The student news site of Diablo Valley College.

The Inquirer

The student news site of Diablo Valley College.

The Inquirer

The student news site of Diablo Valley College.

The Inquirer

Student Life office suffers from Bookstore’s debt

The DVC Bookstore continues to try to settle financial problems stemming from a six-digit deficit  after operating five of the last six years at a loss. Still on the table is the possible elimination of the 5 percent discount for students with Associated Students of DVC stickers.

“We’re having discussions at this time about making cuts to the discount,” said Bill Oye, dean of student life.

The 5 percent bookstore discount for faculty was discontinued last semester as a cost-cutting measure.

While exact numbers won’t be compiled until the end of the school year during inventory, Bookstore manager Bill Foster seemed optimistic  about  the store’s financial future. 

“The reports I have seen so far look promising,” he said.

So far, total sales this semester amount to $2.9 million, compared to $3 million for all of the previous semester – even though overall, sales are down 1.5 percent, compared to the same time last semester, Foster said.

To chip away at the debt and produce a larger profit margin, Foster said the store negotiated a better shipping rate with UPS, cut its hourly staff from six people to three and now closes its Peet’s Coffee service at 2 p.m., instead of 7 p.m. 

Chris Leivas, vice president of finance and administration, said budget cuts currently underway across the college may be contributing to the bookstore’s financial problems.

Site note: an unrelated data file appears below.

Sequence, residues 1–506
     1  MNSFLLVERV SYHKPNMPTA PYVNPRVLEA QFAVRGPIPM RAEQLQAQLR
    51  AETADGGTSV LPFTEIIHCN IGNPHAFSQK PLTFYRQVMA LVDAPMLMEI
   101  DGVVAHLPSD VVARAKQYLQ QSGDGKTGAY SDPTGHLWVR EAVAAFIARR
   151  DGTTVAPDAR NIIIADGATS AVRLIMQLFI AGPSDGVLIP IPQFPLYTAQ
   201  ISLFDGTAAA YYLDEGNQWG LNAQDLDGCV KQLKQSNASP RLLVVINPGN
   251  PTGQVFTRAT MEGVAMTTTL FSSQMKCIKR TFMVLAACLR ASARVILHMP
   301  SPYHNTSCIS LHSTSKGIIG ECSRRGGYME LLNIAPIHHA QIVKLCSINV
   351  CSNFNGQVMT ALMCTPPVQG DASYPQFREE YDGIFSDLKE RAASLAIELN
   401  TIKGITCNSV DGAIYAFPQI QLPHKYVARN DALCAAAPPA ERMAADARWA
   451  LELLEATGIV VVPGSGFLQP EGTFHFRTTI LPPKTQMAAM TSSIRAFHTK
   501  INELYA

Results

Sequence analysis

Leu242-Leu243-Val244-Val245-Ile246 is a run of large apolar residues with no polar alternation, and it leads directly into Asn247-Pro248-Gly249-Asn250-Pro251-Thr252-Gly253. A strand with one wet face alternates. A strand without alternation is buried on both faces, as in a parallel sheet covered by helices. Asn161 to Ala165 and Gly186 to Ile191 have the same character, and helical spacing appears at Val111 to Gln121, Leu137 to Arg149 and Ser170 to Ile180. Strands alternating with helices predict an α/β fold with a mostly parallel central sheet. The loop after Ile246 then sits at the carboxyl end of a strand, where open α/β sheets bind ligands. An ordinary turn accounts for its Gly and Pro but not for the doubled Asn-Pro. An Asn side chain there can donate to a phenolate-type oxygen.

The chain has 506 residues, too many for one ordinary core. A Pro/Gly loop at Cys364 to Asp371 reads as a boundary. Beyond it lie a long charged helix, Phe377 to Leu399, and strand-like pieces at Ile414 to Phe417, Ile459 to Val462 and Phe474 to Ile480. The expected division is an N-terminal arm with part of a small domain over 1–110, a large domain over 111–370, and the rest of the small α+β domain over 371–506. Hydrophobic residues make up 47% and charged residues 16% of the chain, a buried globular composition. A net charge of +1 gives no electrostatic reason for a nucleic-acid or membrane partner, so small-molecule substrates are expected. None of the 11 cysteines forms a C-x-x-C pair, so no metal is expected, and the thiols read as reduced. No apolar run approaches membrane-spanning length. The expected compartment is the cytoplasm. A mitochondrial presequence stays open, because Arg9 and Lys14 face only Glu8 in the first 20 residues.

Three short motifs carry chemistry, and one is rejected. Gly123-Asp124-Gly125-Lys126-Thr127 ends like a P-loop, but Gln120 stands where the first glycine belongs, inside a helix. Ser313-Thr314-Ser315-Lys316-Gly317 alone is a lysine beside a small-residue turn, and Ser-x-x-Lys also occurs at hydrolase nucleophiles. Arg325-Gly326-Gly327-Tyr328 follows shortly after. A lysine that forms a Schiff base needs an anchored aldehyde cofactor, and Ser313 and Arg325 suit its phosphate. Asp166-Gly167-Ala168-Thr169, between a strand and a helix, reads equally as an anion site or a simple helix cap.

“Since we are reducing our course schedule because the state has lowered the number of classes it will pay for,” Leivas said, “we will probably sell fewer textbooks, and that will reduce our revenues.”

Although a percentage of the bookstore’s profits is supposed to benefit students, the dean of student life said his office has trimmed expenses, because the money has not been forthcoming. 

As a result, Oye’s office has reduced its student workers from 16 to 11, cut back weekly lab hours from 51 to 36 a week and slashed its Peer Support Center hours from 44 to 16.

While the cuts seem large, Oye said they were calculated based on actual student usage of the lab and support program.

“Mondays from 5 to 7 p.m. and pretty much every day from 8 to 9 a.m. have been very low demand times,” he said.

In deciding future cuts, Oye said students are the No. 1 priority. “We’re trying to make sure the average student doesn’t suffer because of a financial problem,” he said.

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About the Contributor
Troy Patton
Troy Patton, Arts & Features Editor
Arts and features editor, spring 2013.

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Student Life office suffers from Bookstore’s debt